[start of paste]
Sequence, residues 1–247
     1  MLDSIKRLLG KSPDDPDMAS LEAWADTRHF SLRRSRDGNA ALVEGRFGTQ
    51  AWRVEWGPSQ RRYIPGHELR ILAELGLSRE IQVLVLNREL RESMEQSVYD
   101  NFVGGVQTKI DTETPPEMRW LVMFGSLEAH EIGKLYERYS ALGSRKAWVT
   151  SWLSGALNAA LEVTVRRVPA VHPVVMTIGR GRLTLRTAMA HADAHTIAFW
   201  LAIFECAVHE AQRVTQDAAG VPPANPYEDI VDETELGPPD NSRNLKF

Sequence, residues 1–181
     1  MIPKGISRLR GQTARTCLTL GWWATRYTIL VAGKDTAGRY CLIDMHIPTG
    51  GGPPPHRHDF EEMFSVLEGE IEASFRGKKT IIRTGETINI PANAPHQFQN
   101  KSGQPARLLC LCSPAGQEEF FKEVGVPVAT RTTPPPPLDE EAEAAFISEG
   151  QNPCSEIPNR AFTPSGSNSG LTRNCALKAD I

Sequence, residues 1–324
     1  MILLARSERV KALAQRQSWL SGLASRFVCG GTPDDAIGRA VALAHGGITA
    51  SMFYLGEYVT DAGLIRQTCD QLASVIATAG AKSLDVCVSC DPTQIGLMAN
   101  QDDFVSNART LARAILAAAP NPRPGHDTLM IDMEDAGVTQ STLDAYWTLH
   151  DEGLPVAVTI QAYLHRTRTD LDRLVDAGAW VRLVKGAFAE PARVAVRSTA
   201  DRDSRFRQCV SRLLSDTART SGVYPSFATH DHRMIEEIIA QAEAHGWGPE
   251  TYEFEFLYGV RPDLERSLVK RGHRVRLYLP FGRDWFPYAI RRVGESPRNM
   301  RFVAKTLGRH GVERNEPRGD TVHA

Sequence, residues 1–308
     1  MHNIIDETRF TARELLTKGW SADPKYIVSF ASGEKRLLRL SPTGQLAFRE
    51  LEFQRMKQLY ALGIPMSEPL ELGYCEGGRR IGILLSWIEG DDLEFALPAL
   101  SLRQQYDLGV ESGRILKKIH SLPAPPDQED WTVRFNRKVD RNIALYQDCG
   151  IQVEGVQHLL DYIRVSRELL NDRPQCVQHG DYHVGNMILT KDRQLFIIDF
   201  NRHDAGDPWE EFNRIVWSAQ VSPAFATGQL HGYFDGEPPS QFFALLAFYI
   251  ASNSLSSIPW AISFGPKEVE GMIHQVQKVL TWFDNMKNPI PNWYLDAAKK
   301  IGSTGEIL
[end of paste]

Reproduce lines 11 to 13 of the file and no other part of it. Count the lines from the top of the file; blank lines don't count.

   151  QNPCSEIPNR AFTPSGSNSG LTRNCALKAD I

Sequence, residues 1–324
     1  MILLARSERV KALAQRQSWL SGLASRFVCG GTPDDAIGRA VALAHGGITA